Law Council applauds historic day for abuse survivors
19 June 2018
The Law Council has today welcomed the passage of legislation that will establish the National Redress Scheme for survivors of institutional child sexual abuse, paving the way for the scheme to become operational on 1 July 2018.
The Law Council has long supported a National Redress Scheme for survivors of institutional child sexual abuse and has acknowledged survivors often experience long-lasting trauma, and in many cases, are not able to receive appropriate redress, compensation or counselling.
Law Council President, Morry Bailes, said that today’s establishment of a National Redress Scheme is an important and historic step in acknowledging that Australia, and its institutions, failed to protect many children from child sexual abuse.
“The scheme provides an opportunity to respond to these past wrongs and provide survivors with access to a just response,” Mr Bailes said.
“The Law Council acknowledges the work of those survivors who spoke out and contributed to the Royal Commission into Institutional Responses to Child Sex Abuse, which led to the establishment of the National Redress Scheme, as well as the leadership of the Commonwealth Attorney-General and State and Territory Attorneys-General in making this scheme a reality.”
The Law Council has also welcomed the Prime Minister’s announcement last week that he will deliver a national apology to survivors of institutional child sexual abuse on 22 October 2018.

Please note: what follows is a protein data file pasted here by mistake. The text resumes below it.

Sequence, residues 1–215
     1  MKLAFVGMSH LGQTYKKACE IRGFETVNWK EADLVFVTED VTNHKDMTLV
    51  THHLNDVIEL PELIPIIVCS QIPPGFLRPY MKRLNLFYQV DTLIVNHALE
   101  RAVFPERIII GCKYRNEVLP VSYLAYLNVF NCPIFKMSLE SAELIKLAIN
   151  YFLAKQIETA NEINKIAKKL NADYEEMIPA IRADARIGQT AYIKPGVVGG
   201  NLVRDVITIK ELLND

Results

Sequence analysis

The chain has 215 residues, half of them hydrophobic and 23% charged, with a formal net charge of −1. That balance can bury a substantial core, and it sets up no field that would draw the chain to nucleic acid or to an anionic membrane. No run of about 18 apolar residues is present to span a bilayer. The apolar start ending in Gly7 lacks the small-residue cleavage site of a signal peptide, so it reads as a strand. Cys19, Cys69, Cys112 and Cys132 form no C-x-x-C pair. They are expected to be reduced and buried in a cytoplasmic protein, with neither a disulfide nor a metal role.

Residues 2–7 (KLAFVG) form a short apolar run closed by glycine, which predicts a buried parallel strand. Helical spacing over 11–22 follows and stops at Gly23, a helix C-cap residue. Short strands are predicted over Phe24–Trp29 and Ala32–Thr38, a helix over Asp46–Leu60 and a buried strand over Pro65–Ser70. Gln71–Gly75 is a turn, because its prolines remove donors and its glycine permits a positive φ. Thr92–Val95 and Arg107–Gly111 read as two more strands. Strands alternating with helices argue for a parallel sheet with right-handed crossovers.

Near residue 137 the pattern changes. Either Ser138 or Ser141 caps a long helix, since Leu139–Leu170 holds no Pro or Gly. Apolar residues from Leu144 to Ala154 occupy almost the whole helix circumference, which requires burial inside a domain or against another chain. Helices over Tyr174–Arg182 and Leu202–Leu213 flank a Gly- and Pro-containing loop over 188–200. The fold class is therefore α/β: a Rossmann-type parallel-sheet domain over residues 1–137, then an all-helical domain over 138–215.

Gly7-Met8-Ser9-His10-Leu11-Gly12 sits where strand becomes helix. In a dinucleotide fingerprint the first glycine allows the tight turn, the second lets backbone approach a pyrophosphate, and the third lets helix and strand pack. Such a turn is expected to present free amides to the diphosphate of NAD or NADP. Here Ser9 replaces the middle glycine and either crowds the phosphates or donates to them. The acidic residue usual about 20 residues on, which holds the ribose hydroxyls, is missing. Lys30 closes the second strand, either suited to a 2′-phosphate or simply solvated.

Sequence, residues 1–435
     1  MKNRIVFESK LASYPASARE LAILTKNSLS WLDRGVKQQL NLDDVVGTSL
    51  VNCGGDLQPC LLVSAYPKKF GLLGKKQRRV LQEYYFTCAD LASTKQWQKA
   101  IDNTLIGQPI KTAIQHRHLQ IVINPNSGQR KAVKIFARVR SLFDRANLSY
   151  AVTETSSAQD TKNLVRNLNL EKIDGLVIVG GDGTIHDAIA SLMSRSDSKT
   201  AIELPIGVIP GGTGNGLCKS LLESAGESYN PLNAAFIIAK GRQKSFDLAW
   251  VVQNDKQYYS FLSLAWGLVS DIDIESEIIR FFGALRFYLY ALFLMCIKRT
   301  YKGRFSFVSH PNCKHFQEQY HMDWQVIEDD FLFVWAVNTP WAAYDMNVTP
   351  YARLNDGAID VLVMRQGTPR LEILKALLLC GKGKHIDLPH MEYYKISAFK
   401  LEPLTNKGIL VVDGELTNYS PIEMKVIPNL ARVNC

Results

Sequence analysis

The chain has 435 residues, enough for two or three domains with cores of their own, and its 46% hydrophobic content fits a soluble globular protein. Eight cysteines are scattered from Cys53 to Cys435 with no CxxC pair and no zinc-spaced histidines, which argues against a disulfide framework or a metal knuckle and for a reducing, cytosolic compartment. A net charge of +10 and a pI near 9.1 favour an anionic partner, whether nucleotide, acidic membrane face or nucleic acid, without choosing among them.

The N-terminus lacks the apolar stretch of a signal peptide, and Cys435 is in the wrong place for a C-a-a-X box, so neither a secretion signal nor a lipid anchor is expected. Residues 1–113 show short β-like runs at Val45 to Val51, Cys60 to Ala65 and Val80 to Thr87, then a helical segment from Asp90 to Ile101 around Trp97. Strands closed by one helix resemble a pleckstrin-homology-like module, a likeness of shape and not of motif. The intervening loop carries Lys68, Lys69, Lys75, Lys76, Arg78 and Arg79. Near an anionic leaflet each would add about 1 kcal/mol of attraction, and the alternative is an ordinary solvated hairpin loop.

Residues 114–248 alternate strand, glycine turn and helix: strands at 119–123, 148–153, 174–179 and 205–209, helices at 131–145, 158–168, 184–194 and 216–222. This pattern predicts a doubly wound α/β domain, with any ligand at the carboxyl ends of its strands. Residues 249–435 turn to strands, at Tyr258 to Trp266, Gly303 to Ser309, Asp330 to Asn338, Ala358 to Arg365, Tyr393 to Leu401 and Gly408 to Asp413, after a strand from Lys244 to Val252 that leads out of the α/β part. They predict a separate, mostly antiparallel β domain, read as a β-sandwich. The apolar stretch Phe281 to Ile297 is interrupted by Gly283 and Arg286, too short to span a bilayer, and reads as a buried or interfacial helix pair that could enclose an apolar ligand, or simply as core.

“An apology is a very meaningful act, which can often be the first step in the healing process,” Mr Bailes said.
In the first half of this year, the Law Council produced two separate submissions for the Senate Community Affairs Legislation Committee in response to the proposed legislative measures underpinning a National Redress Scheme.
In its submissions, the Law Council raised a number of concerns with the proposed measures, most notably in areas where the legislative framework had deviated from the recommendations of the Royal Commission into Institutional Responses to Child Sex Abuse without reasonable justification.
The Law Council’s key areas of concern that remain include:
- the default exclusion of survivors with serious criminal records from accessing redress under the scheme;
- the adequacy of counselling and psychological services under the scheme, which as recommended by the Royal Commission, ought to be made available for the life of the survivor;
- the decision to limit the scheme to Australian citizens and permanent residents, potentially denying former child migrants and those that have been in immigration detention from accessing redress; and
- the decision to cap redress payments at $150,000, rather than the full $200,000 as recommended by the Royal Commission.
The Law Council looks forward to continuing to work with the Australian Government to ensure the scheme provides survivors with a fair and just option for redress in response to past wrongs that they have endured.
Sonia Byrnes: Communications
P. 0437 078 850 E. Sonia.Byrnes@lawcouncil.au